Saturday, March 20, 2010

Shades of Meaning

Word choice is  an important trait of writing.  
Words have both denotation and connotation.

Denotation and Connotation 
  • Denotation refers to the literal meaning of a word, the "dictionary definition."¨ For example, if you look up the word snake in a dictionary, you will discover that one of its denotative meanings is "any of numerous scaly, legless, sometimes venomous reptiles having a long, tapering, cylindrical body and found in most tropical and temperate regions."
  • Connotation, on the other hand, refers to the associations that are connected to a certain word or the emotional suggestions related to that word. The connotative meanings of a word exist together with the denotative meanings. The connotations for the word snake  could include evil or danger.    

“A thesaurus can be dangerous 
in the wrong hands.”  

Shades of Meaning
Words have various intensities (strengths) and connotations.  When writing, we try to choose the word that best fits what we are trying to express.

A warning from Be careful when using the thesaurus. Each word listed as a synonym for the word you're looking up may have its own unique connotations or shades of meaning. Use a dictionary to be sure the synonym you are considering really fits what you are trying to say.

"Precision of language, please!" -- The Giver 
What is the difference between "vast" and "large"? 

Do you live in a "dwelling," in a  "house," or in a "home"?  The choice of word makes a difference. 

Is the item you're buying "cheap" or "inexpensive"?

Which would you want to be called?

For another example of connotations, consider the following:
negative   There are over 2,000 vagrants in the city.
neutral    There are over 2,000 people with no fixed address in the city.
positive    There are over 2,000 homeless in the city.

All three of these expressions refer to exactly the same people, but they will invoke different associations in the reader's mind: a "vagrant" is a public nuisance while a "homeless" person is a worthy object of pity and charity. Presumably, someone writing an editorial in support of a new shelter would use the positive form, while someone writing an editorial in support of anti-loitering laws would use the negative form.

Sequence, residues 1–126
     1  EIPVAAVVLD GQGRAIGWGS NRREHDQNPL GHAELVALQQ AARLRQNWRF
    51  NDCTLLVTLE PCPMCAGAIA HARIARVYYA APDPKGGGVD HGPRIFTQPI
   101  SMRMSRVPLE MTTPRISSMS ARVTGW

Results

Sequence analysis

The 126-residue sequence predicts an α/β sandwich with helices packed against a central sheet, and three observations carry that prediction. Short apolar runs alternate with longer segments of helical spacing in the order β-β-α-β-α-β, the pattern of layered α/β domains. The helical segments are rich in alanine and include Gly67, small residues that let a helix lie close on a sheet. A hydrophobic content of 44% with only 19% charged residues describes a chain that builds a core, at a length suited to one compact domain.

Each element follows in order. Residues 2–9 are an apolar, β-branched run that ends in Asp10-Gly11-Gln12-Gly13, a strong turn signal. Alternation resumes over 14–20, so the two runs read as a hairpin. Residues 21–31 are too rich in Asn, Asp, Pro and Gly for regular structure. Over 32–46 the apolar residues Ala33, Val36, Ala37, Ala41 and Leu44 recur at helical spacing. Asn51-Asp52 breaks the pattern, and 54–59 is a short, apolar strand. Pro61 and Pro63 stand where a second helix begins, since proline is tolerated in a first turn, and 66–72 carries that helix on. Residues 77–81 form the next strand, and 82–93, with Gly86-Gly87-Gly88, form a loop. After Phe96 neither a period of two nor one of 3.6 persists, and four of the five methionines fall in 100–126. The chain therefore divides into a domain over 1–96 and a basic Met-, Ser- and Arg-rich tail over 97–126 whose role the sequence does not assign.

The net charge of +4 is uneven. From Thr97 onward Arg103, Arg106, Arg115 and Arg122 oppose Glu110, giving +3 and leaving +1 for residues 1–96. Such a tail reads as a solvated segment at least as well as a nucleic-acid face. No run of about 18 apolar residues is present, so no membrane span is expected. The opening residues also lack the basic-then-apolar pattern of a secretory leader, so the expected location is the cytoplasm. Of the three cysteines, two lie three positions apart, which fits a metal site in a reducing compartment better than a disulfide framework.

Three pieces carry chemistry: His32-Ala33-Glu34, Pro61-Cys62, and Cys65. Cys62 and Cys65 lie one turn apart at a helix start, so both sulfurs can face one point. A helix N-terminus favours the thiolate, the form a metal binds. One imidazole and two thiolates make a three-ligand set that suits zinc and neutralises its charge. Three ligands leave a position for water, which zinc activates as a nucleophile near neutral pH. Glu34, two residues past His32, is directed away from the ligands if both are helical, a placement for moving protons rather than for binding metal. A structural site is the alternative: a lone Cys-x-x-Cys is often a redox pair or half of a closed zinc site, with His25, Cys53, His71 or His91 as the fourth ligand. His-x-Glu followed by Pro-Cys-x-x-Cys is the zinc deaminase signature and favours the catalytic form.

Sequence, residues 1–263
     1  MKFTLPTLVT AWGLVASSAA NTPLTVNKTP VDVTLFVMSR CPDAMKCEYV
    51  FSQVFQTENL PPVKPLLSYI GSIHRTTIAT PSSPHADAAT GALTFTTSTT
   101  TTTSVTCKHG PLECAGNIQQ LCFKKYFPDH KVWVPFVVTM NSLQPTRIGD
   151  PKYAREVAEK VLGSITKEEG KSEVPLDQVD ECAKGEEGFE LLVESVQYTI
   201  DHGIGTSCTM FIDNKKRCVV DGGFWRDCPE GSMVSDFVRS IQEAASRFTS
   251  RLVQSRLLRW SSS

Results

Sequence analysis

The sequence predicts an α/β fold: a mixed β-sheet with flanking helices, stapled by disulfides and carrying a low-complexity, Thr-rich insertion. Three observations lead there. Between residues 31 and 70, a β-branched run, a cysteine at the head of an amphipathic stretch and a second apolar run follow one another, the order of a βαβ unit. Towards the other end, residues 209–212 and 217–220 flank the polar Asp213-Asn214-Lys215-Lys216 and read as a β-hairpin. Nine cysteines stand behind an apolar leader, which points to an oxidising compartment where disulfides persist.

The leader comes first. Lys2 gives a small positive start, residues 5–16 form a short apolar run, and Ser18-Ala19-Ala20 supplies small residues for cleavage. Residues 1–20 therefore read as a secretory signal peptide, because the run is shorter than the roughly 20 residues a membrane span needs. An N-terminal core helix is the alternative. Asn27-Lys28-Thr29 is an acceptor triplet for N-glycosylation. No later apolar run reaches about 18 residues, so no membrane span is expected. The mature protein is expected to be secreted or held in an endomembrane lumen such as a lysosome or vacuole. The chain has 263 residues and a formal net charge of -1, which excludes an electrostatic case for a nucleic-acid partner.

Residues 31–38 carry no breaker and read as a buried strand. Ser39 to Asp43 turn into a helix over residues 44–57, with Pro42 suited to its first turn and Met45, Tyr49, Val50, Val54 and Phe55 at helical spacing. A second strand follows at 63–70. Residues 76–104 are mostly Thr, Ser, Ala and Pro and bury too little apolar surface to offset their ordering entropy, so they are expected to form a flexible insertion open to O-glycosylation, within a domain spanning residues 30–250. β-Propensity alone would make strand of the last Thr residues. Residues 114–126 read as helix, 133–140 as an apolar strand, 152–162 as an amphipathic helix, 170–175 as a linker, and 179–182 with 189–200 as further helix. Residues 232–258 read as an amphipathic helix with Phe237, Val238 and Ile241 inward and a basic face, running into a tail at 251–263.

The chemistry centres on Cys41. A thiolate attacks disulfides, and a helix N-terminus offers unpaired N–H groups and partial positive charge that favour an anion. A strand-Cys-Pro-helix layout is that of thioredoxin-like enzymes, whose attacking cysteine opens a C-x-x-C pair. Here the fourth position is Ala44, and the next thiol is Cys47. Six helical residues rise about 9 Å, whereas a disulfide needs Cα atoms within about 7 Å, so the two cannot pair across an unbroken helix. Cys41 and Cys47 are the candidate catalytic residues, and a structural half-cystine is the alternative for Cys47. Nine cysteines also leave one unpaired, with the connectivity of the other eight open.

Which word conveys a more favorable attitude. and which  word  carries a less favorable attitude?
 • refreshing – chilly
• plain – natural
• clever – sly • cackle – giggle
• snob – cultured
• cop – officer
• skinny – slender
• statesman – politician
• smile – smirk
• domineering – assertive

Is this true?  A recipe is denotative; an advertisement connotative.

How would you rank these from most positive to most negative?
Group 1 Thin, slim, lanky, skinny, gaunt, slender

Group 2 Aggressive, assertive, domineering, dynamic, pushy, forceful

Group 3 Shrewd, egghead, bright, clever, brilliant, cunning, smart, intelligent, brainy

If you were naming a sports team, which name would you pick?
These are potential names for new professional athletic teams: Poodles Toads Gazelles Hippos Buzzards Snails Meteors Ferrets Glaciers Maggots Sloth Mosquitoes Sleepers Zeniths Mares Spikes

Denotation is the literal meaning,  and connotation refers to the emotional weight of a word.